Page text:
Robin Tilbrook, Chairman of the English Democrats, shares his views on the Canada-style trade deal and on the potential impact of a no-deal Brexit for the UK and the EU.
Sputnik: Will the UK be able to agree a Canada style post-Brexit free trade deal with the EU?
Robin Tilbrook: The EU is making it very clear that they are going to be difficult about the Canada option, although at one time they were talking it up, and saying that it was a feasible option, and they are now adding all sorts of conditions to it, like allowing free access to the UK’s fishing waters, and I think that is under the influence of the French Government, which seems to be the centre of problems in terms of any flexibility by the EU’s negotiating team.
Boris Johnson stands a real risk of bringing his honeymoon period to an end if he is too weak with the EU in his negotiating. He started off with a fairly bullish sounding agenda, but there is only so much ground he can give before he looks like he’s the one that looks like he’s not doing the things he ought to be doing about looking after the UK’s interests.
Sputnik: Would a soft Brexit be a waste of time?
Robin Tilbrook: If the UK has continued free movement and allows the EU’s shipping fleets continued access to our waters, and they’ve got control of our armed forces and therefore much of our foreign policy; it’s difficult to see what really would have been achieved.
The EU, however, wouldn’t be part of our constitution in the way that it was, so it might be possible for a subsequent British Government to change the terms on which the relationship is ongoing, and that’s one thing that would have been achieved I think.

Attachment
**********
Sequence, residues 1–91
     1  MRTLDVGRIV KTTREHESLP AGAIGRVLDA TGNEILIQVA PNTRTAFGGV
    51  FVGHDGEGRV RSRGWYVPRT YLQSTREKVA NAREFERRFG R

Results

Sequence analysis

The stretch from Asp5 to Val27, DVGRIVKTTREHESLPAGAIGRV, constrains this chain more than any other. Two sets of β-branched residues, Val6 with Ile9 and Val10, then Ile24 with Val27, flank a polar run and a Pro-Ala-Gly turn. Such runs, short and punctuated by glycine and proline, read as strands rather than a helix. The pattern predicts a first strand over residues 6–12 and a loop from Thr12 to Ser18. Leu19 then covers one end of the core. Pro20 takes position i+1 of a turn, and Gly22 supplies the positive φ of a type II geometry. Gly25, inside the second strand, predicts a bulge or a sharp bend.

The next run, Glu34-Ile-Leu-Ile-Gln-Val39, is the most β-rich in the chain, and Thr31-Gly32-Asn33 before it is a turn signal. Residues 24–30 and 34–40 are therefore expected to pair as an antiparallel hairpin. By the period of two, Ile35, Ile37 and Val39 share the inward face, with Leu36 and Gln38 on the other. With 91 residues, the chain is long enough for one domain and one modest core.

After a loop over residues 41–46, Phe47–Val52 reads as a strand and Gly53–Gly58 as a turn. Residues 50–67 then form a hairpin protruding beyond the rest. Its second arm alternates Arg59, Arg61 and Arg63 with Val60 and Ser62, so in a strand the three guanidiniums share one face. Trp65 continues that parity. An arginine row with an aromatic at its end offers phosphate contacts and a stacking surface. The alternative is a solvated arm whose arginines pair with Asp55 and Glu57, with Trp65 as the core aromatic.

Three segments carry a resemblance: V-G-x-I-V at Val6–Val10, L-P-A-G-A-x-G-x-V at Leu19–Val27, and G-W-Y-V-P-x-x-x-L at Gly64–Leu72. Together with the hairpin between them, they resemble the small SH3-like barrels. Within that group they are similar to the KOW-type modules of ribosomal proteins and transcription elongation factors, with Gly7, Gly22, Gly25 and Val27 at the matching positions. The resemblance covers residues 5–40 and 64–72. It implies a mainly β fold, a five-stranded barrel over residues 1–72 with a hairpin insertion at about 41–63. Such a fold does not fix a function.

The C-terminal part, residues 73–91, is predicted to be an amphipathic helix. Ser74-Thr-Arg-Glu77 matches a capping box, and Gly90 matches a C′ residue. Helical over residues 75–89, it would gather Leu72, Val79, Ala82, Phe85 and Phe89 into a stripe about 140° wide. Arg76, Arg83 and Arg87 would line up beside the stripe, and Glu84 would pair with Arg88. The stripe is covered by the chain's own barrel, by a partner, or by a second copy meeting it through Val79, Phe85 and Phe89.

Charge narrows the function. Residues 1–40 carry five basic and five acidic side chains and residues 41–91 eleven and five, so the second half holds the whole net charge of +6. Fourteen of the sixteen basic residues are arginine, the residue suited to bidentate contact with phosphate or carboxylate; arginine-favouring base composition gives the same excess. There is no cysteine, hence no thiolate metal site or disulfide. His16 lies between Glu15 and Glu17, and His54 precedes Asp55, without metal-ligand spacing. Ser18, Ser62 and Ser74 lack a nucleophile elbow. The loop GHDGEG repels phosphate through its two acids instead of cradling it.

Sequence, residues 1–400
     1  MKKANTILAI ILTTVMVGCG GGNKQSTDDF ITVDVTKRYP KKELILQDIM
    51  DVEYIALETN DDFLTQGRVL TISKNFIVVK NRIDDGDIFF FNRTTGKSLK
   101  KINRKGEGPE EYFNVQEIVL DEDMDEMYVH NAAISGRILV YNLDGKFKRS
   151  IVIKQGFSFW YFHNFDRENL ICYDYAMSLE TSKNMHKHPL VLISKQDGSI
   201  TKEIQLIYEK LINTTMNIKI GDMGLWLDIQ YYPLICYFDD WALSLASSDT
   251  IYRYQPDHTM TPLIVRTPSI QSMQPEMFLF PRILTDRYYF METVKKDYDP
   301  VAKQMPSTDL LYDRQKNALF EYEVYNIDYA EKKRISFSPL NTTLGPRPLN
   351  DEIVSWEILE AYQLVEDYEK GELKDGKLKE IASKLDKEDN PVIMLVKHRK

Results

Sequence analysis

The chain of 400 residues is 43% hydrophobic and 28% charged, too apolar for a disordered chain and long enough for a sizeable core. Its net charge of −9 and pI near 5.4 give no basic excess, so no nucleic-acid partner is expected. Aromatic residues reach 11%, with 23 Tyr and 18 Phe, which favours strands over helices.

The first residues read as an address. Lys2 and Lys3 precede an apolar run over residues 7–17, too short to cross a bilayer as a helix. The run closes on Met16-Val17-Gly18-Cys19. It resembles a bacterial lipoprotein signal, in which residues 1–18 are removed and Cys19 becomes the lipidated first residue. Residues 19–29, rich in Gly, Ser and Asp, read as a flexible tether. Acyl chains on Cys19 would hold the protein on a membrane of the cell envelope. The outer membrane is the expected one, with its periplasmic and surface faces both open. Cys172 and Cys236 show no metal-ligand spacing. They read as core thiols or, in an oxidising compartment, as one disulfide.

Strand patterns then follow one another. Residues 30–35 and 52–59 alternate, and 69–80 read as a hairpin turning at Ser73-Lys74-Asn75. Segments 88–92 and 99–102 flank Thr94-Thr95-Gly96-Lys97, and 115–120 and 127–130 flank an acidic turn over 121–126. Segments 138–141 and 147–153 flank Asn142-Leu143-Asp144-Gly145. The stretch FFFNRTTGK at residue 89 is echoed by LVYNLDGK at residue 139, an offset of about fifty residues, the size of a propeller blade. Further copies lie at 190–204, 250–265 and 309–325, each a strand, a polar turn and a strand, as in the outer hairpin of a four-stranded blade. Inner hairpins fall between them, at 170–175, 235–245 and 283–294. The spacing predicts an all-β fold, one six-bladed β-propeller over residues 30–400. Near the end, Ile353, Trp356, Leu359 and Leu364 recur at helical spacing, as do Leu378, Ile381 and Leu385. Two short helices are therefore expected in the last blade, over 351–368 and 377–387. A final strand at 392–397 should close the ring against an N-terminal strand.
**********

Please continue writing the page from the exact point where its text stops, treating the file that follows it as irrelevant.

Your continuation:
Sputnik: How much of an impact would a no-deal Brexit have on both the EU and the UK?
Robin Tilbrook: I think that the Government has been making very serious efforts to get ready for a no-deal Brexit, and I feel that it’s not going to be as bad a problem as most of the media seem to have made out, and the trading relationship with the EU was mostly in favour of the EU in a sense that we were buying more of their exports, than they were buying of ours.
The free movement of people meant that a lot of EU nationals came to the UK of course, but what wasn’t happening, was a full opening up of the EU’s markets to our products and services, so for instance; there wasn’t complete freedom to trade within the EU.
I’m a lawyer, a solicitor, and if I’d wanted to go and set up in Italy for example, they wouldn’t let me to even to practise English Law, so the markets are not as open as people who are arguing for the EU have been making out.
The loss of that access is not going to be as dramatic as it’s made out to be, and one of the things that have been shown about project fear in the EU referendum and since, is that whenever we’ve crossed a threshold that they’ve said is going to cause the entire world to collapse around us, nothing has happened.
A lot of what was being talked about is not going to happen, it’s not going to be the great sort of catastrophe that people have been making out, there might be some minor dislocations; but they would be worked out fairly quickly, it is after all not governments that trade with each other, it’s companies and private business.
One of the things that importers and exporters are very good at doing is finding the easiest way to manage whatever restrictions there are.